Morphological Study of the Proximal Fibular Articular Surface Using Computed Tomography: Which Side Is Preferred for Proximal Fibular Flap in Wrist Arthroplasty?

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Abstract

Background

Although proximal fibular flaps have been widely applied in wrist arthroplasty, controversy remains regarding which side of the proximal fibula is better for reconstruction of the distal radius. If the articular surface of the proximal fibula shows dorsal tilting, the ipsilateral (right) proximal fibula should be harvested in right wrist arthroplasty because the articular surface of the distal radius normally has volar tilt. This study investigated anatomical similarities between the proximal fibular articular surface and the distal radius articular surface based on morphologic analysis of the proximal fibula using computed tomography (CT).

Methods

A total of 18 proximal fibulae from 18 adult volunteers were analyzed using CT. Tilt and length of the proximal fibular articular surface were measured in the section plane parallel to the proximal tibiofibular articular surface (simulated sagittal plane). The inclination angle of the articular surface was measured in the section plane perpendicular to the proximal tibiofibular articular surface (simulated coronal plane).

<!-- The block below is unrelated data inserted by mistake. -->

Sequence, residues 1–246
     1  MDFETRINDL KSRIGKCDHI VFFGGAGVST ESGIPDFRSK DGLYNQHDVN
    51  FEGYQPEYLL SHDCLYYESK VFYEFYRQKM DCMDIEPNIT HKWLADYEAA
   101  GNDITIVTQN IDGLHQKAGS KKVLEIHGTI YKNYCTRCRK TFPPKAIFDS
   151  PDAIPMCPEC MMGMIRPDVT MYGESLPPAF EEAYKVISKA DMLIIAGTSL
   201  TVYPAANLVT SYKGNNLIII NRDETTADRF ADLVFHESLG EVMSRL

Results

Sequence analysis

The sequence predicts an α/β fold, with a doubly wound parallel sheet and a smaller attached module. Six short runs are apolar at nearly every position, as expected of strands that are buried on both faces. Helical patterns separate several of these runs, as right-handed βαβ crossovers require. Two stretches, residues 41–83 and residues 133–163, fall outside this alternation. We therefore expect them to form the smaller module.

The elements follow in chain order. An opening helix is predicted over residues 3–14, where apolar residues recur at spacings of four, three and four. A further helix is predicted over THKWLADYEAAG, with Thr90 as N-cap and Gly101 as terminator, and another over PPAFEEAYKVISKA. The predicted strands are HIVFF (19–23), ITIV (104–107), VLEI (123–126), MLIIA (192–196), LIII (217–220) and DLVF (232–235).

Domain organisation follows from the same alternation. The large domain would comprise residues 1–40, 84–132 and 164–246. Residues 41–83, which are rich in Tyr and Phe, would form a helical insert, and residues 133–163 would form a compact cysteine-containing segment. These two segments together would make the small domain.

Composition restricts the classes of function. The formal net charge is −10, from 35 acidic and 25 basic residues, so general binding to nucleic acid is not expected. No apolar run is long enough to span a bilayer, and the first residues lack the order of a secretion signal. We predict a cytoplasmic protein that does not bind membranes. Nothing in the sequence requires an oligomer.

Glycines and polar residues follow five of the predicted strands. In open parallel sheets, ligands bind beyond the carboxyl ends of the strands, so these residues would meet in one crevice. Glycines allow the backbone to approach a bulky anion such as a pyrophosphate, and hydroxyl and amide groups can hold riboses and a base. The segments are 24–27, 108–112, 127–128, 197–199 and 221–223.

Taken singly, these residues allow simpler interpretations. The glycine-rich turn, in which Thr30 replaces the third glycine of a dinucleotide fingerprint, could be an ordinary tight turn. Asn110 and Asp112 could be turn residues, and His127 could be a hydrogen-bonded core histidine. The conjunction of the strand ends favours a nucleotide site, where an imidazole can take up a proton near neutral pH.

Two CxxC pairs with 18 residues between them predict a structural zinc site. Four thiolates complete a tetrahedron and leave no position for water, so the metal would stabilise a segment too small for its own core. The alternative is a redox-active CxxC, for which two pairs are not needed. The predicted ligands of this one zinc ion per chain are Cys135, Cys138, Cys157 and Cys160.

Results

In the simulated sagittal plane, the articular surface of the proximal fibula showed a mean dorsal tilt of 4.1 degrees; the articular surface for each scan was 17.1 mm. In the simulated coronal plane, two articular surfaces were studied. The inclination angle of these surfaces was measured as 32.2 and 54.4 degrees, respectively.

Conclusion

CT analysis of the proximal fibular articular surfaces suggested that ipsilateral proximal fibular transfer can result in improved anatomic restoration of normal volar tilt of the distal radius due to dorsal tilt of the proximal fibular articular surface.

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